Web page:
Collapsing Nokia may have had Apple-like hardware in development in the 90s
…but horrific corporate management has it in a place where it may be forced into a patent firesale.
Interesting article on Nokia in the Wall Street Journal last night. It starts with:
More than seven years before Apple Inc. rolled out the iPhone, the Nokia team showed a phone with a color touch screen set above a single button. The device was shown locating a restaurant, playing a racing game and ordering lipstick. In the late 1990s, Nokia secretly developed another alluring product: a tablet computer with a wireless connection and touch screen—all features today of the hot-selling Apple iPad.
“Oh my God,” Mr. Nuovo says as he clicks through his old slides. “We had it completely nailed.”
Hardware is a key element, but, as we saw with Apple’s 2002 iPad, software, marketing, ecosystem and maybe most of all timing also play important roles when determining the success of a product line. When the time was right and the opportunities presented themselves, however, Nokia failed to execute.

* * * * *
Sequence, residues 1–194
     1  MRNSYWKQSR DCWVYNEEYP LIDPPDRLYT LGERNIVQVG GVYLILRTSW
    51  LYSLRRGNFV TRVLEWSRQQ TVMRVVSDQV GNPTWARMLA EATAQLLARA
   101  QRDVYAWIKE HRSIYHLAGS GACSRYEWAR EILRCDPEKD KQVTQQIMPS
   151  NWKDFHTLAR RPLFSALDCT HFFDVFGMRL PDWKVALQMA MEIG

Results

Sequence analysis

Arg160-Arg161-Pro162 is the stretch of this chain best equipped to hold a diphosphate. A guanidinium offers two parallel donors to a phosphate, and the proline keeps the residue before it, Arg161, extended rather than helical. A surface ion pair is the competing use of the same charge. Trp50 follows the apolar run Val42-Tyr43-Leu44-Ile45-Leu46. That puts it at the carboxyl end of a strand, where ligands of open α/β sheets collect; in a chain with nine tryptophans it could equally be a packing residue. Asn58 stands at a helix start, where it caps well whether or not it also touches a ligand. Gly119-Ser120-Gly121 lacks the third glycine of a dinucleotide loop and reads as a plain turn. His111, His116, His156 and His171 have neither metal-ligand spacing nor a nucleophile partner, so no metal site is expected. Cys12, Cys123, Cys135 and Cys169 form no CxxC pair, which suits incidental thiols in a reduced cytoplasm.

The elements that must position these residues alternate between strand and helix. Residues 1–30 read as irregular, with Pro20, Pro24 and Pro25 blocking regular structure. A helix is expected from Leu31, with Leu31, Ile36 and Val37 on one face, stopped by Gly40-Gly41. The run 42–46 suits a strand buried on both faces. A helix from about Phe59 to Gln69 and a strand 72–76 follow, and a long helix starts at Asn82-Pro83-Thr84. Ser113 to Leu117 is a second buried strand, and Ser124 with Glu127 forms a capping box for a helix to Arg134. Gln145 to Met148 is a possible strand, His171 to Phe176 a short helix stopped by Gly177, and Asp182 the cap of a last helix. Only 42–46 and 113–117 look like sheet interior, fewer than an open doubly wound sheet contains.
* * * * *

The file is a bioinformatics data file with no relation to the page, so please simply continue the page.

“What struck me when we started working with Nokia back in 2008 was how Nokia spent much more time than other device makers just strategizing,” Qualcomm Chief Executive Paul Jacobs said. “We would present Nokia with a new technology that to us would seem as a big opportunity. Instead of just diving into this opportunity, Nokia would spend a long time, maybe six to nine months, just assessing the opportunity. And by that time the opportunity often just went away.”
Anecdotally, I have a friend who worked with Nokia in advertising. He would say the same thing: The company was gridlocked by politics and poor leadership. Different product groups treated different parts of the company as competitors and not compatriots.
And, five years after the iPhone unveiled, Nokia is in a tail spin. This is causing a cash crunch so huge that it will likely be forced to sell off a lot of those early patents that are valued around $6 billion—which is just slightly under Nokia’s current $6.5 billion market cap. That means investors have very little confidence in the firms ability to succeed. In fact, had Google waited, Nokia might have been a better patent purchase target than Motorola.
Nokia still is struggling to turn its good ideas into products. The first half of the year saw Nokia book more patents than in any six-month period since 2007, Mr. Elop said, leaving Nokia with more than 30,000 in all. Some might be sold to raise cash, he said.
“We may decide there could be elements of it that could be sold off, turned into more immediate cash for us—which is something that is important when you’re going through a turnaround,” Mr. Elop said.
It is pretty sad that a company like Nokia is not worth more than the patents it holds.